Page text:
>o Check out my blog at
      ><http://russabbott.blogspot.com/>http://russabbott.blogspot.com/
      >
      >[Non-text portions of this message have been removed]
      >
      >


      [Non-text portions of this message have been removed]
    • "Antonio J. Fernández Leiva"
      Hi again, You are right Simon, here is the mentioned reference: @inproceedings{hughes:-CEC05, author = {Evan J. Hughes}, title = {Checkers using a
      Message 2 of 6 , Jan 25, 2007
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        Hi again,

        You are right Simon, here is the mentioned reference:

        @inproceedings{hughes:-CEC05,
        author = {Evan J. Hughes},
        title = {Checkers using a Co-evolutionary on-line
        evolutionary algorithm},
        booktitle = {Congress on Evolutionary Computation},
        editor = {David Corne et al.},
        publisher = {IEEE Press},
        year = {2005},
        pages = {1899-1905}
        }

        best regards,
        Antonio
        ==============================================

        | Dr. Antonio J. Fernandez Leiva E-mail: afdez@...
        |
        | Departamento de Lenguajes y Ciencias de la Computacion
        | E.T.S.I. Informatica (3.2.50)
        | Universidad de Malaga
        | Campus de Teatinos
        | 29071 - Malaga (SPAIN)
        |
        | http://www.lcc.uma.es/~afdez
        |
        | Phone: (+34) 95 213 33 15 Fax: (+34) 95 213 13 97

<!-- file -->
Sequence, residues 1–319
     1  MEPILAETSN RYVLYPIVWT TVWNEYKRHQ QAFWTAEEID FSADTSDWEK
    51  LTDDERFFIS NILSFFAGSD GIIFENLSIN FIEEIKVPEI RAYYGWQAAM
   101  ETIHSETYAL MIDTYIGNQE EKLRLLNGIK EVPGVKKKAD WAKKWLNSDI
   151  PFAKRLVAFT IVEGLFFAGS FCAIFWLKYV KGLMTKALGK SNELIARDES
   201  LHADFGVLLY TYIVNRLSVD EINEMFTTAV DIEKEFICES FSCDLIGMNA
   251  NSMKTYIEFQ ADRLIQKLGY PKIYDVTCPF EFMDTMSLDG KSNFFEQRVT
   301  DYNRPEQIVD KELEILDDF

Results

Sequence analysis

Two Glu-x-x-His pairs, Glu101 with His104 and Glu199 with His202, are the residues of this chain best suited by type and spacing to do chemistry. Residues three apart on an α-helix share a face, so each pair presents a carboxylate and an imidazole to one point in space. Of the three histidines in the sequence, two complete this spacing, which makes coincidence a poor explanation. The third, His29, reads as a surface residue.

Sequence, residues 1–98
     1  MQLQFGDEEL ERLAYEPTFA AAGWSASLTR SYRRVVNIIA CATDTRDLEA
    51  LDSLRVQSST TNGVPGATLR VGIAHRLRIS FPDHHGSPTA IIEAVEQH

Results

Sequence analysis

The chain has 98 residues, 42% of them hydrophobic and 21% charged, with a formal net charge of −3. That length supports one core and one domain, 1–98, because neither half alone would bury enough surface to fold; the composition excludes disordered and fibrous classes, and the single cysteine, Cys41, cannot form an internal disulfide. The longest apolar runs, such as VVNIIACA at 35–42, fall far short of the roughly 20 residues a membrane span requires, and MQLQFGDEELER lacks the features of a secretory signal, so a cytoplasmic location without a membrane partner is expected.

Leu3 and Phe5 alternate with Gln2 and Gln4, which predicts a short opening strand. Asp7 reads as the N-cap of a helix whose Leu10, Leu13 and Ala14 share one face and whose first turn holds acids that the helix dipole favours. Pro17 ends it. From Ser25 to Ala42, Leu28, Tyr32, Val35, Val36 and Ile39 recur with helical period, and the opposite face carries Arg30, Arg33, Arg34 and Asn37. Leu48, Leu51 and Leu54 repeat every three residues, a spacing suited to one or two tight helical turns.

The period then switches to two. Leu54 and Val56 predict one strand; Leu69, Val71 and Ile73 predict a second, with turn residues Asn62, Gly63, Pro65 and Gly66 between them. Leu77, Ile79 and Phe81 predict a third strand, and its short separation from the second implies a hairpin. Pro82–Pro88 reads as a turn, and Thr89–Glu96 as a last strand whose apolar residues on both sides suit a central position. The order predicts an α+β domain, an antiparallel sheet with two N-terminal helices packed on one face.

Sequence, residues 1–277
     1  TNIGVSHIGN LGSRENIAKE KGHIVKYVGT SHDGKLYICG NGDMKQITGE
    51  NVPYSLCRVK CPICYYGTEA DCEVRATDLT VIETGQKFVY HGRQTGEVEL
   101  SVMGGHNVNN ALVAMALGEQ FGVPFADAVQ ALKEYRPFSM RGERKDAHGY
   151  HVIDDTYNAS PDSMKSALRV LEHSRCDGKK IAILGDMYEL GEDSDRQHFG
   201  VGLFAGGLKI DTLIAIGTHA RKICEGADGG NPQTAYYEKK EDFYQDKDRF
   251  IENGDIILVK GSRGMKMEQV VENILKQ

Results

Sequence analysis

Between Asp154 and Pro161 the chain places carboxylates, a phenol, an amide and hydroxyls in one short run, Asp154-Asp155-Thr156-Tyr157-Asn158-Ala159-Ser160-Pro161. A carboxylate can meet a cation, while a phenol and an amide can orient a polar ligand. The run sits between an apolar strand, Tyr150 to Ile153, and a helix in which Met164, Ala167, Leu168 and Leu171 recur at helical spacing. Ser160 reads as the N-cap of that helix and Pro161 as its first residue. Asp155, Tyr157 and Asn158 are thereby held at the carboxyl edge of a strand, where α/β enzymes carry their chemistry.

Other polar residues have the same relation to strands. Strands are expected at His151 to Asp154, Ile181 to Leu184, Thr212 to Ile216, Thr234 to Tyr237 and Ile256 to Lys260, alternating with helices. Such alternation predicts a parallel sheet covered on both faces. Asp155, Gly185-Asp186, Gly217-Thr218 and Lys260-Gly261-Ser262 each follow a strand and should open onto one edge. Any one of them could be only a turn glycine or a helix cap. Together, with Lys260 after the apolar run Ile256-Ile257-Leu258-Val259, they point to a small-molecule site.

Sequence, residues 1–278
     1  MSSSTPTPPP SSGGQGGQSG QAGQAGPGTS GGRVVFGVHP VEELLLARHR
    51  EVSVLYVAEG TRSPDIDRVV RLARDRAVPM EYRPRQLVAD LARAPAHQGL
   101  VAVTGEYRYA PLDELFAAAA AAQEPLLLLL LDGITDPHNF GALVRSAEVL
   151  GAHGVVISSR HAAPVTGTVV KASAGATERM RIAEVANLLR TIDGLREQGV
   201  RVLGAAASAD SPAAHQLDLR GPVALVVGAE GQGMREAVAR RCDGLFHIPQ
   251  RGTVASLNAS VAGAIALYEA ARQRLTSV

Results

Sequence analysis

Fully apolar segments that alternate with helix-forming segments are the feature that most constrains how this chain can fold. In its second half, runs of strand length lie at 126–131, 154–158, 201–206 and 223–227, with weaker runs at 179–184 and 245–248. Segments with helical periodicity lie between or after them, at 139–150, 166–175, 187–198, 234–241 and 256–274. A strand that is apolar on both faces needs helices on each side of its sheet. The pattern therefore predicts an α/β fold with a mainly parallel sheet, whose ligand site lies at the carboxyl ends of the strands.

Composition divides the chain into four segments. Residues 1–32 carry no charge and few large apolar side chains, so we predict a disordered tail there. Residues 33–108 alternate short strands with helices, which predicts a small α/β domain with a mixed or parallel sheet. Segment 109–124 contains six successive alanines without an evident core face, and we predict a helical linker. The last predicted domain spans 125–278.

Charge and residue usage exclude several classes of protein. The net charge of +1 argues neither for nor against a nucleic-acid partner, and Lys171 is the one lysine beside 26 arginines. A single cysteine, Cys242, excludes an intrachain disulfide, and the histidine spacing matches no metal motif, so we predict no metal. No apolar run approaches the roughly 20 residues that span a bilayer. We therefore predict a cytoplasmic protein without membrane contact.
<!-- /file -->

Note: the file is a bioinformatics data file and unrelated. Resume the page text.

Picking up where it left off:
==============================================




        At 14:50 25/01/2007 +0000, Lucas, Simon M wrote:

        >Hi Russ,
        >
        >No, I understood your question.
        >
        >The prey / predator work of Isaacs was
        >followed up using evolutionary algorithms
        >by George Burgin (working with Larry Fogel)
        >among others, though I can't recall exactly
        >how similar this was to the scenario you mention.
        >
        >In addtion to Evan's work on Brunette 24,
        >he has also explored using EAs at each move;
        >I think he had a paper on this at one of the recent
        >CECs (05 or 06).
        >
        >Best regards,
        >
        >Simon
        >
        >________________________________
        >
        >From: Russ Abbott [mailto:russ.abbott@...]
        >Sent: 25 January 2007 01:40
        >To: Lucas, Simon M;
        ><mailto:genetic_programming%40yahoogroups.com>genetic_programming@yahoogroups.com
        >Subject: {Disarmed} Agents and dynamic GAs
        >
        >Hi Simon,
        >
        >I think you misunderstood my question. Isaacs' work was published in
        >1965, long before GAs, and Hughes' work appears to be on evolving
        >checker players in the traditional way: run a GA to produce a set of
        >rules that the player will follow when playing. Neither one seems to
        >involve running a GA dynamically at each time step.
        >
        >-- Russ
        >
        >On 1/24/07, Lucas, Simon M <<mailto:sml%40essex.ac.uk>sml@...> wrote:
        >
        >